All too often we as writers do things the way we’d like them to be done. When we’re given a brief, we often start by asking how we’d like to be sold something. That’s a start, but it’s wrong. It’s far more valuable to ask how the product’s target audience respond to different forms of communication and to come up with a strategy that reaches them. The MBTI is a shortcut to doing this.

For that reason, I recommend it as a great starting point for anyone looking to add an element of research to their work. Customers are often grouped by type — age, social status, income, education… even political preference. But rarely are they grouped by the way they do things or see the world. The MBTI is the fastest way to group people not by who they are or what they do, but by how they think.

How can the MBTI help you become a better copywriter?

1. Look at your product and imagine which of the personality types would be the primary audience (there’s a ton of sites that link the MBTI with career and lifestyle preferences). Evaluate what this personality type values, what their communication style is, and write accordingly.

2. Look at your own personality type and honestly appraise your own strengths and weaknesses. If you value feeling over thought, work on your ability to write a rational argument. If you hail from the cold land of logic and reason, consider introducing emotive arguments into your work — particularly if you’re appealing to other feeling types.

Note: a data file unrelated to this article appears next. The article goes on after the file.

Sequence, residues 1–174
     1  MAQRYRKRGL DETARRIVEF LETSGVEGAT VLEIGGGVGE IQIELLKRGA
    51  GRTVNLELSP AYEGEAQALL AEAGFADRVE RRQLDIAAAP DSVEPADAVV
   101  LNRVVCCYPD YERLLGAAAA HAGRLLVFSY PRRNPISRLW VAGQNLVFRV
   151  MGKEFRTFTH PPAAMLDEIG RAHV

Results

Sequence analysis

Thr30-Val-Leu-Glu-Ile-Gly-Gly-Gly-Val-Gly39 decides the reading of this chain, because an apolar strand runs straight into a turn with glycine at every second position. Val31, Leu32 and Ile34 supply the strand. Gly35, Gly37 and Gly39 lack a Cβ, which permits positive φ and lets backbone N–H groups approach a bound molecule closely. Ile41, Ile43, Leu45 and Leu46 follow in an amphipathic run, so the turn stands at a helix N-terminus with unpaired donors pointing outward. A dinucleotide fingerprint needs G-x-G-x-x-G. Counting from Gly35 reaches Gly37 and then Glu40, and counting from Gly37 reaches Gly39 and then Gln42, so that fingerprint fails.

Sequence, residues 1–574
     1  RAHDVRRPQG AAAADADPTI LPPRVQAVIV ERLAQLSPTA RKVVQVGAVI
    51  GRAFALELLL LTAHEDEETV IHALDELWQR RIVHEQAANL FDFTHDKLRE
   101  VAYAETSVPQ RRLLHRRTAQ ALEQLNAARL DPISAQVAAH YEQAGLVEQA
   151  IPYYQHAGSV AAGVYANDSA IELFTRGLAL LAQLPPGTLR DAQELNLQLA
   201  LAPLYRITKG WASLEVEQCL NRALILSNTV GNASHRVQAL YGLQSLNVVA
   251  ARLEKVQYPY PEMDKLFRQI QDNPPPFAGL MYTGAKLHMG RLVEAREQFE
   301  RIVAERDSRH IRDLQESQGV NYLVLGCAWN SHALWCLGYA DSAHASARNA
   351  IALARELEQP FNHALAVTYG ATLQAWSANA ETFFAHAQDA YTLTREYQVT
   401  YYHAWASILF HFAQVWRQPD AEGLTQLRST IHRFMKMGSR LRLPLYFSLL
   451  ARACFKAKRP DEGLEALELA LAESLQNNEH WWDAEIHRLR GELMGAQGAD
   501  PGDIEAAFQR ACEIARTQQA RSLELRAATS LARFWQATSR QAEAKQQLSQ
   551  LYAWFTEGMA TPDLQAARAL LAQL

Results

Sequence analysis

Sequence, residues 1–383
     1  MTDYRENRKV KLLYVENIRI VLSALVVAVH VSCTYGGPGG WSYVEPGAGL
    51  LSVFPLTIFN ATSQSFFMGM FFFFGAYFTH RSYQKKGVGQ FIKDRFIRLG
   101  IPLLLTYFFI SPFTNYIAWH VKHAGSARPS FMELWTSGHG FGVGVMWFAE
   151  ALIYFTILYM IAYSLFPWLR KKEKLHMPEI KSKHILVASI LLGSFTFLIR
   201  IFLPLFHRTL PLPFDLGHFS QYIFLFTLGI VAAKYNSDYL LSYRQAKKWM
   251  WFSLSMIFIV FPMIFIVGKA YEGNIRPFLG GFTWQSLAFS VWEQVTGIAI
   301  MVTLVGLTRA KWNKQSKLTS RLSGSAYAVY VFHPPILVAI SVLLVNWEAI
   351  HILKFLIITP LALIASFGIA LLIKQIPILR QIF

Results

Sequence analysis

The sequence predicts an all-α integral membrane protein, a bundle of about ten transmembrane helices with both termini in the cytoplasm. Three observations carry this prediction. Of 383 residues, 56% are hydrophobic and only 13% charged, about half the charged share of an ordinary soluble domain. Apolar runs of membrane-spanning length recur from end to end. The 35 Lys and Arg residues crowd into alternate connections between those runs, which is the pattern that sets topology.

The MBTI isn’t a laser-guided missile with pinpoint accuracy, but it does provide a quick framework for discovering your own preferences, as well as working out the preferences of your target audience and discovering how to write copy that appeals to them.

It’s an essential psychological tool that belongs in every marketer’s toolbox. Consider the MBTI every time you approach a new project. It will challenge your preconceptions about what makes communication effective — and give you new insight into ways to reach your audience.

Share this article

This entry was posted on Wednesday, September 12th, 2012 at 6:53 pm and is filed under Blog, Copywriting. You can follow any responses to this entry through the RSS 2.0 feed. You can skip to the end and leave a response. Pinging is currently not allowed.

2 comments

  1. Kristi Ward says:

    Great article! I use MBTI all the time in face-to-face contact, but never thought to apply these principles with the written word. Have you read “Do What You Are” by Paul D. Tieger? This book gives incredible insight into different career types based on MBTI, which could help copywriters further define MBTI types and what they value. Thanks for the great post!

  2. magma says:

    As an ENTP I’m curious about how this might apply to charities trying to write persuasive copy for funders. Hard to get a handle on what the ‘funder personality’ is, probably because their copywriter is so bad at communicating.

Leave a comment

Due to an unusually high volume of spam being left on this blog, please solve this problem before sending your comment .

Site by Spencer Lavery